Anonymous said...

So why don't you and ES hand out the olive branch and get this free school back on track? If that is you are all grown ups about it. Like David Furmage stated in a post , it's like the middle east conflict of Dorset! Do the right thing for Swanage. Is it that hard?

Anonymous said...

"I was quite upset to receive an email from them almost immediately after the negotiations between us broke down which I think amounted to a very real threat against our organisation."

"It basically said that we should not underestimate their power locally and that they will do everything they can to prevent market housing on the site in the future."

Those are some really serious allegations. Are you going to give evidence to back them up?

Swanagedad said...

Many thanks for your update ‘Owner of the Grammar School Site’. I understand that the postings at 9:08 AM, on 14/08/12 were copied from the Education Swanage Facebook page by an unknown person and were attributed to Carl Styants, one of their governors.
Most of the District Councillors are very pro the proposed Free School and I think it highly unlikely that they would have revoked your planning permission had the new school build gone ahead

Notwithstanding the e-mail you received – which sounds completely unacceptable and which you should substantiate – are you adamant that no school building will take place on the old Grammar School site? As thing stands it seems extremely doubtful that two schools can be built on the lower grammar school field so in many ways you hold the key to resolving the present impasse and resolve both the school and housing issues. I would encourage you to keep talking – particularly to local Councillors and planners.

David Furmage said...

Hammer nail coffin , you have hit it bang on there. Though if this all boils down to money and it won't happen then we will never move on. For the sake of Swanage and future generations you like swanagedad says " you hold the key " Now show us that you can open the door.

Anonymous said...

The owners might 'hold the key' in so much as they have the land that's very much needed. However, if much of what has just been posted is true, then ES must accept responsibility for behaving somewhat immorally, in my opinion. It seems they went behind St Mary's back to broker a deal with STC before consulting the Headteacher at St M's too. A timeline of events has been posted here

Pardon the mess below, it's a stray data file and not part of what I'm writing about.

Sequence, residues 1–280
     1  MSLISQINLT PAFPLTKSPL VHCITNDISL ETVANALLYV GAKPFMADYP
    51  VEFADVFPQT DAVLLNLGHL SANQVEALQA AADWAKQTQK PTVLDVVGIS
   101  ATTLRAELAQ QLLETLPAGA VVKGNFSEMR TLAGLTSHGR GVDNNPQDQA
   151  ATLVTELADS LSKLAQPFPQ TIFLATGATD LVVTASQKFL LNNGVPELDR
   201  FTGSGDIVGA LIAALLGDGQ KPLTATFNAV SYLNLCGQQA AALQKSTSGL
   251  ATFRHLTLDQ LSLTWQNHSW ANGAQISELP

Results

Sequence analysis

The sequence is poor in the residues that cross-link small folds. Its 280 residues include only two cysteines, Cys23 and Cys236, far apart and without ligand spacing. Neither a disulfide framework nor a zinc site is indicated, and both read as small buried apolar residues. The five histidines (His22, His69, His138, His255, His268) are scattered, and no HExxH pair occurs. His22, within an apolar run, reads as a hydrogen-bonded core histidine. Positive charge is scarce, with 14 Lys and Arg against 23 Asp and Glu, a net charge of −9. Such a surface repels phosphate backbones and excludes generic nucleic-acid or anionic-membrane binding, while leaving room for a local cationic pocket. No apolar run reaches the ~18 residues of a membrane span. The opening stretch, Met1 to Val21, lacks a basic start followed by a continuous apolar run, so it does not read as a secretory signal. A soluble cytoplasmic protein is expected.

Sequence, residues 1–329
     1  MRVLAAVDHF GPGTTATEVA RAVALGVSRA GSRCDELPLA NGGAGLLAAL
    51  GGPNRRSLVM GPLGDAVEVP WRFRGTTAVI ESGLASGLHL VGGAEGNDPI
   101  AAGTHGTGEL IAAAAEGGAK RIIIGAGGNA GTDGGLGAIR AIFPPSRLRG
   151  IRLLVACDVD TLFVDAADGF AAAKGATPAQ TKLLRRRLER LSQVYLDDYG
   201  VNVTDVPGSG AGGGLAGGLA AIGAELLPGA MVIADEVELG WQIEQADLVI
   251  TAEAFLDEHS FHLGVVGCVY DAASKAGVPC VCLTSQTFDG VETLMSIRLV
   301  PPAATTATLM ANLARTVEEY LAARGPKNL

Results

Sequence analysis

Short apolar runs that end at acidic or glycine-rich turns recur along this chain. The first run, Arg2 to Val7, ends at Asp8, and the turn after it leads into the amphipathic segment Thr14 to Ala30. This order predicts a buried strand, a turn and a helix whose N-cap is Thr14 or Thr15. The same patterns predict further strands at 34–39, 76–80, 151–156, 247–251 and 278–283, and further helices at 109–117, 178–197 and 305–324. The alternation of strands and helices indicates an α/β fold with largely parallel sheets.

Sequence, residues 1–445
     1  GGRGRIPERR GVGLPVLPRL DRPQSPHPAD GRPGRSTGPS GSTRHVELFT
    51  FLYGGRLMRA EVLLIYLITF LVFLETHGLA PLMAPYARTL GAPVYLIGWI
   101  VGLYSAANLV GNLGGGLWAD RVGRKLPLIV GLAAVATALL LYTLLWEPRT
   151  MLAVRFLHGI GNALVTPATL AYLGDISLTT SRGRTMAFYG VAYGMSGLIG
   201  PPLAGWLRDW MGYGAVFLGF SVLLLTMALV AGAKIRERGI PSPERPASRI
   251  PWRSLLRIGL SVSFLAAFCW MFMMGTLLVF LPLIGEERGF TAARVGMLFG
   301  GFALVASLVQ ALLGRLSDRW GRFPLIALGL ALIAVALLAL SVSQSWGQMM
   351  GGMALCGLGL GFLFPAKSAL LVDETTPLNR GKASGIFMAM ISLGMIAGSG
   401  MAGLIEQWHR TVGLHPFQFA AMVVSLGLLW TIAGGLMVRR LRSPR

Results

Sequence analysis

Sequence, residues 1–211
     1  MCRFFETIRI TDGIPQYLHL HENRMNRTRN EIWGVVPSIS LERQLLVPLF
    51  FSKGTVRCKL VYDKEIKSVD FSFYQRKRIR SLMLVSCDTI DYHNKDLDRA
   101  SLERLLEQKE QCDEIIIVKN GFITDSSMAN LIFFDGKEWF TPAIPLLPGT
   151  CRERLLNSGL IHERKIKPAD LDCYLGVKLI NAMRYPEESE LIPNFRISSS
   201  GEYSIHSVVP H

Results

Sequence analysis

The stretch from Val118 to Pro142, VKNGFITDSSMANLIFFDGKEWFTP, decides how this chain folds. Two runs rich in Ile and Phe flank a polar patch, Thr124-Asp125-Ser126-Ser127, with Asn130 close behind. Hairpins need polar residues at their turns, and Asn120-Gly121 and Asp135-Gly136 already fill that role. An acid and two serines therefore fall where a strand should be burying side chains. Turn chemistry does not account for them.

At Monday's Town Hall meeting, apparently the Headteacher of St Mary's said she was emailed plans for two schools on the lower fields on Weds 1st Aug. This must have been after ES had written to STC as reference to it was circulated on their agenda for 6th Aug On 31st July.
Add to this, the fact that ES governors have attempted to stifle debate by banning members from their Facebook group when perfectly legitimate questions were asked, and they complained to local head teachers about school staff publicly debating the merits of a free school.
Yes, some of their mistakes can be explained by inexperience. However, if all that has been said is correct, it shows pretty poor character and certainly does not set a good example for a generation of children to follow.

Anonymous said...

A recent online petition “Purbeck people concerned about the negative effects of a Free School being opened in Swanage” contains 66 signatures of which 19 are staff members both Teaching and Admin of the Purbeck School. In addition to these are various noms de guerre and probable family members.

Should this petition not read “Purbeck School staff members concerned about the negative effects of a free school being opened in Swanage” ?

It seems to me that small but loud anti free school movement is led by employees of the Purbeck School.

Is this ethical ? I dont believe it is and will be writing to their employers asking for their position on this.
Does this set a good example for a generation of children to follow ?

Anonymous said...

Anonymous said...
Not sure you can tell that it is a small minority.

Because you continually whinge in the same sort of whiney, whingey way that whingers do. Get a grip, there is more to life than whinging - we live in a beautiful place. Purbeck School, is a great school so why not leave Swanage to try to also get a great school for its community. If you think this is such a bad idea and wont work then why are you so worried. And why do you keep whinging !!

owner of swanage grammar school site said...

I have read the postings asking for me to substantiate my comments regarding what we considered to be a threat against us by Education Swanage.I would be prepared to copy and paste the paragraph of the email but only if ES dispute what I have said. This is because I would not ordinarily post contents of an email on a blog to protect confidentiality.

Anonymous said...

Carl from ES here

The word 'threaten' is very strong. Actually the email contained understandable disappointment at the sudden moving of goalposts and an 'assurance' that ES would campaign against the site being reclassified for market housing, as indeed will many others. The Henshers dismissed a request from our group a couple of years ago and tried to develop the whole site. At the Core Strategy meeting PDC rejected this and supported the free school.